We all know the advice for healthy teeth – brush twice daily and don’t eat too much sugar. So why do those of us following these instructions find we sometimes need a filling when we visit the dentist? The truth is, there’s a little more to preventing tooth decay than these guidelines suggest. Here’s what […]Continue Reading ...
“Many of these products are overly abrasive and can take away the outer layer of your tooth called the enamel,” said Aikaterini Papathanasiou. Credit: iStockphoto Charcoal seems to be the latest thing—for cleansing your face and purifying your insides—and even brushing your teeth. But before you start using a charcoal-based toothpaste, it’s best to realize […]Continue Reading ...
With the advancement of scanning and 3D printing technologies, some consumers have turned to treatments that don’t require visiting an orthodontist. Credit: Lin Shao-hua, iStock A couple of years ago, the story of a college student 3-D printing his own braces went viral. Fast forward to now and you’ve likely seen billboards or social media […]Continue Reading ...
The surgical removal of wisdom teeth is far more common than the problems they cause. Credit: Pixabay Our grandparents and parents tell stories about the time when kids routinely had their tonsils removed. But for people born in the 1960s and later, their routine surgery stories are about having third molars, a.k.a. wisdom teeth, taken […]Continue Reading ...
Carmem Pfeifer, D.D.S., Ph.D. from the OHSU School of Dentistry is working to develop a filling material that is two times more resistant to breakage than standard fillings. Credit: OHSU/Kristyna Wentz-Graff A compound used to make car bumpers strong and protect wood decks could prevent return visits to the dentist’s office. A team of researchers […]Continue Reading ...
Many Australians travel overseas for dental surgery. Credit: shutterstock.com Australians spend up to A$300 million each year on health-care costs abroad. As part of this phenomenon, each year around 15,000 of us are travelling overseas for cosmetic surgery tourism, including dental procedures. We don’t have firm numbers on exactly how much Australians spend on dental […]Continue Reading ...
Credit: Queen Mary University of London Researchers at Queen Mary University of London have produced a new orthodontic bracket bonding adhesive that protects the tooth surfaces around the brackets from decay. This decay is often referred to as white spot lesions which affects, according to a 2015 meta-analysis, nearly 70 per cent of people fitted […]Continue Reading ...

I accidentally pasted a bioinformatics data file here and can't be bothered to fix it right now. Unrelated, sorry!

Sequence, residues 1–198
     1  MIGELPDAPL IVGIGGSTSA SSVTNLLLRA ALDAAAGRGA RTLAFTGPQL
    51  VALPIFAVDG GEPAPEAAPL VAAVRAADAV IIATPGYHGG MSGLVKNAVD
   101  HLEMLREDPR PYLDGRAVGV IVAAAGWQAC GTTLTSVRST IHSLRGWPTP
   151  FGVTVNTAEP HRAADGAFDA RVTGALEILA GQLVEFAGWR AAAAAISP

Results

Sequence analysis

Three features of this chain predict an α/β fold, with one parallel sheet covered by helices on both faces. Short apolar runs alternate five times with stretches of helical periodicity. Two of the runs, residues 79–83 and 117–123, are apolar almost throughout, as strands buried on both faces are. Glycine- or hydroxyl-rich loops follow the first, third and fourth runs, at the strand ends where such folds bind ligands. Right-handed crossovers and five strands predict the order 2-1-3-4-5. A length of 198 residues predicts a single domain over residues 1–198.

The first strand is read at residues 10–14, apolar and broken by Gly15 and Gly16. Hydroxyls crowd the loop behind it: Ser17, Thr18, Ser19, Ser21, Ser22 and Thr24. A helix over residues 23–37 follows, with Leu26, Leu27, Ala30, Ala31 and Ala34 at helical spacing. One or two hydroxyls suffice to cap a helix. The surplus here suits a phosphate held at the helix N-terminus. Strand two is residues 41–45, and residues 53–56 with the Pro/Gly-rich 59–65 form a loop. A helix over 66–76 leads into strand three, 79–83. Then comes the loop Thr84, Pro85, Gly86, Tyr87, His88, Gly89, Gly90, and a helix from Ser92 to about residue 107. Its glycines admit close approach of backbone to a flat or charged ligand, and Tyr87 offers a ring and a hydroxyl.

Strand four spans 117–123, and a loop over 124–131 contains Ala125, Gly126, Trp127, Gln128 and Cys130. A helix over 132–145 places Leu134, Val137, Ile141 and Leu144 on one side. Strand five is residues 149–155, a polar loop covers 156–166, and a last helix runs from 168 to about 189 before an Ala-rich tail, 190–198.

This Wednesday, Oct. 28, 2009 file photo shows toothpaste on a toothbrush in Marysville, Pa. A report released by the Centers for Disease Control and Prevention on Thursday, Jan. 31, 2019, says too many young kids are using too much toothpaste, increasing their risk of streaky or splotchy teeth when they get older. (AP Photo/Carolyn […]Continue Reading ...
Credit: CC0 Public Domain There are many causes of bad breath, also called halitosis. Your mouth may be the source. The breakdown of food particles and other debris by bacteria in and around your teeth can cause a foul odor. If your mouth becomes dry, such as during sleep or after smoking, dead cells can […]Continue Reading ...
Credit: CC0 Public Domain In a recently published article in PLOS ONE, findings from a pilot study outlined the potential effectiveness of a new therapeutic gel filling for root canals that releases nitric oxide and antibiotics into the treated tooth canal, instead of the standard blood clotting that is typically used to fill the empty […]Continue Reading ...
Canadian orthoodontists were able to sell braces and other orthodental procedures by promising patients better lives with better teeth. Credit: Shutterstock Why do Canadians, especially younger Canadians, have such straight, white teeth? Why are so many parents and so many adults willing to invest in expensive orthodontic treatment? We recently published an article in the […]Continue Reading ...
Credit: CC0 Public Domain Sweet treats are as much a part of Halloween as haunted houses, creative costumes and the Monster Mash. They’re fun to collect, but having that big bag of candy around the house for weeks after Halloween can’t be good for children’s oral health. We spoke with Kavita Mathu-Muju, an associate professor […]Continue Reading ...
How do children feel when they lose their first baby tooth? An interdisciplinary research group at the University of Zurich has now found that children’s feelings are predominantly positive. The study also reveals that previous visits to the dentist, as well as parental background and level of education, affect how children experience the loss of […]Continue Reading ...
Up to 14% of toddlers have “hypomineralised second primary molars” (HSPM), where the enamel (outer layer) of the second baby molars doesn’t develop properly. Credit: plantic/Shutterstock A quarter of children have dental decay by the time they start school. This occurs when bacteria in the mouth break down sugar to produce acid, which attacks and […]Continue Reading ...
Credit: University of Western Australia Researchers from The University of Western Australia say more needs to be done to help improve the quality of dental health care for people who are affected by mental health issues. In a study published this week in Community Dentistry and Oral Epidemiology, which coincides with Mental Health Awareness Week […]Continue Reading ...
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